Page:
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My friend Ralph has been wanting to operate his radio at the Iona Beach Park for some time now. He, having worked at the airport and this park being next door, has made it somewhat special in his mind. I on the other hand have been leery of the traffic issues around the airport and so felt a bit hesitant about going. Alas a day with good weather was here and I felt it would be a good day to get out there and see what we could do.
Being in the midst of a high traffic area we decided to leave earlier than normal so that we could beat the rush-hour traffic coming home. We set out a bit after 11am and were soon traveling the highway for Richmond and Sea Island. The drive was quick as traffic light and soon we were approaching the airport. The road we needed required us to start down the normal airport access road but turn off at the first light. This we did with no issues. We continued along, passing the huge postal services air handling facility and followed the road as it followed the north side fence of the airport.
It seemed like a long drive alongside the airport but soon we got to the waste water treatment plant and then the entrance to the park. There were cars parked alongside the roadway as we entered, it made me wonder if the parking was that full. The lot itself was mostly empty and the roadside parking was just nearer the start of the main dyke hike area. Once parked we got out to explore the area and select an operating location for our two radio setups.
We initially wandered the picnic area and then over to the beach. The main 4km long dyke was off to the south a bit and we were separated from it by a small lagoon. We then wandered along a service road that continues alongside of the Fraser River for some distance. We walked only part way along it as we spotted a nice spot for Ralph to set up. The area is quite flat as it is built up sand and debris from the river. There are some smaller trees scattered throughout but mostly it is sand an brush. Having selected our spots, we returned to the car for our gear.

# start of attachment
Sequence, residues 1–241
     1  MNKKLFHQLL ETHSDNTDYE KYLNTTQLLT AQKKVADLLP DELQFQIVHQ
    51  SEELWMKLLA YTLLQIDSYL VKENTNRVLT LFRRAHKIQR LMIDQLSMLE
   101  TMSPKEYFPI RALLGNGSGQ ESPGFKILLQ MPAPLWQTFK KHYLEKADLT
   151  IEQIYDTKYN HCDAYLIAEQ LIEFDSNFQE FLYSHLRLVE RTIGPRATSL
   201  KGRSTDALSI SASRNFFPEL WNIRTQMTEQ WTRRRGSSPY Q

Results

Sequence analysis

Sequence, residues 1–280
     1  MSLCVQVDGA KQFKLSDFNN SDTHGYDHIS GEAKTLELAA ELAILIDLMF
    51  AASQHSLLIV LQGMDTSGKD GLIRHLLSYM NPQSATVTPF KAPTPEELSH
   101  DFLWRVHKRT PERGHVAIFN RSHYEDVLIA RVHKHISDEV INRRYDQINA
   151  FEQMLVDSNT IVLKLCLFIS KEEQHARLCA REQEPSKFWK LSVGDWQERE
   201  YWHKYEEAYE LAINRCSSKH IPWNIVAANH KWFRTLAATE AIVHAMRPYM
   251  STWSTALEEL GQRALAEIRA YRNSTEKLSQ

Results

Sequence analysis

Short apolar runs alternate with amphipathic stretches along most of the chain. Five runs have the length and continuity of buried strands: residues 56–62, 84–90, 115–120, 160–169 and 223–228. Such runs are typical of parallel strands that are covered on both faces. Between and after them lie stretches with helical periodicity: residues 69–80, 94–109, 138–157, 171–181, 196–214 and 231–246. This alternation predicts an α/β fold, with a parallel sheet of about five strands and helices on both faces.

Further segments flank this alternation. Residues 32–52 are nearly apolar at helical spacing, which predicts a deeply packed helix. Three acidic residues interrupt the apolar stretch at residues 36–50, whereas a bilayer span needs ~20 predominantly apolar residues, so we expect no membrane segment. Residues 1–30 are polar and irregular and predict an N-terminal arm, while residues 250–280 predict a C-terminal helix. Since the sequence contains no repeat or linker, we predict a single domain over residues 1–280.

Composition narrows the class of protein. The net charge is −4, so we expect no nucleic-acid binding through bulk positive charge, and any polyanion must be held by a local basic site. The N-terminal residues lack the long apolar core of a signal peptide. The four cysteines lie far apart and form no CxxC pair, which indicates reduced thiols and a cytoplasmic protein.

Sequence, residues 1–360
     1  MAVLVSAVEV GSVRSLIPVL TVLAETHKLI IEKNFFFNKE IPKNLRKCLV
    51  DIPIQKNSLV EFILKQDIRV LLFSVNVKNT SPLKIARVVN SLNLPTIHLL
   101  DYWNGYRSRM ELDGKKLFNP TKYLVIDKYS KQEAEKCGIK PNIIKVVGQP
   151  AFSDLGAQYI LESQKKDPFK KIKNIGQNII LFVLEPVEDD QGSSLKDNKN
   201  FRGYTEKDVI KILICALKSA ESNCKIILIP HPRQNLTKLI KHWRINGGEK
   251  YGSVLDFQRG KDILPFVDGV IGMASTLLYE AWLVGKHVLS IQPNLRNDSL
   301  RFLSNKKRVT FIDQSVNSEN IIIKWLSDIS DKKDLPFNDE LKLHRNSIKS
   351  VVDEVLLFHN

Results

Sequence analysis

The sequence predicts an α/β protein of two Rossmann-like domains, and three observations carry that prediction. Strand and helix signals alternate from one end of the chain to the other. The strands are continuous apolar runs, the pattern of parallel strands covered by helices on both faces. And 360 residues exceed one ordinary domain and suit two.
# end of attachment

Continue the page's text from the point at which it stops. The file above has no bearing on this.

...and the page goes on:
We quickly loaded the cart and made for a table where I would be setting up. Ralph continued along the service road to his location. I soon had my antenna in the air when I saw Ralph walking back to me. He said he was missing his support post. He got my car key and went to check the car. He then returned having found no post there. I offered him one of mine as I was able to attach one end of my antenna to some driftwood. He then went back to setup. I was soon scanning the bands looking for some other park activators when I again saw Ralph walking my way. He said his phone battery had died and asked if I could spot him on the list.
After giving him a few minutes to get back I spotted him on the Parks-on-the-air list and then I added myself. I was initially going to use the 12m band as it looked to have the best coverage but the band seemed very noisy at this location and so is moved to 15m. Here I likely had less range but probably more people able to talk. Soon I was calling and then the contacts started coming in. Over the next 25 minutes I managed to get my 10 needed contacts. The first was in California then over to the east coast in North Carolina, South Carolina, Kentucky, Texas and up to Alaska. So, the range was actually quite good.
I had enough but still had lots of time so I switched over to the 10m band. Here I made 7 more contacts in 10 minutes and was getting up to speed but Ralph had packed up and was walking to me with his gear in the cart. On 10m my contacts were in Indiana, Illinois, Ontario and Delta! So good coverage again. At this point two chaps came by who were licensed hams but used their equipment for their hiking/mountain biking sports. They were asking about a good base station for their situation. Hopefully Ralph and I were able to offer some useful tips.
Well, it was past 1:30 and we needed to pack up and get going if we were to beat the traffic. So after a few minutes of packing we loaded the car, searched again for Ralph’s missing pole and then made our way back home. We planned to grab a coffee and muffin to augment our small on-site lunch. It was a very successful trip; the driving was no issue at all. The location was very pleasant with lots of scenery to enjoy and water fowl pictures to be sought out. We did chat briefly with a guy who had a big lens who had come to get wildlife pictures. The long dyke offers a full 8km return walk/cycle which seems to attract the most people. Perhaps I will need to walk or cycle it one day.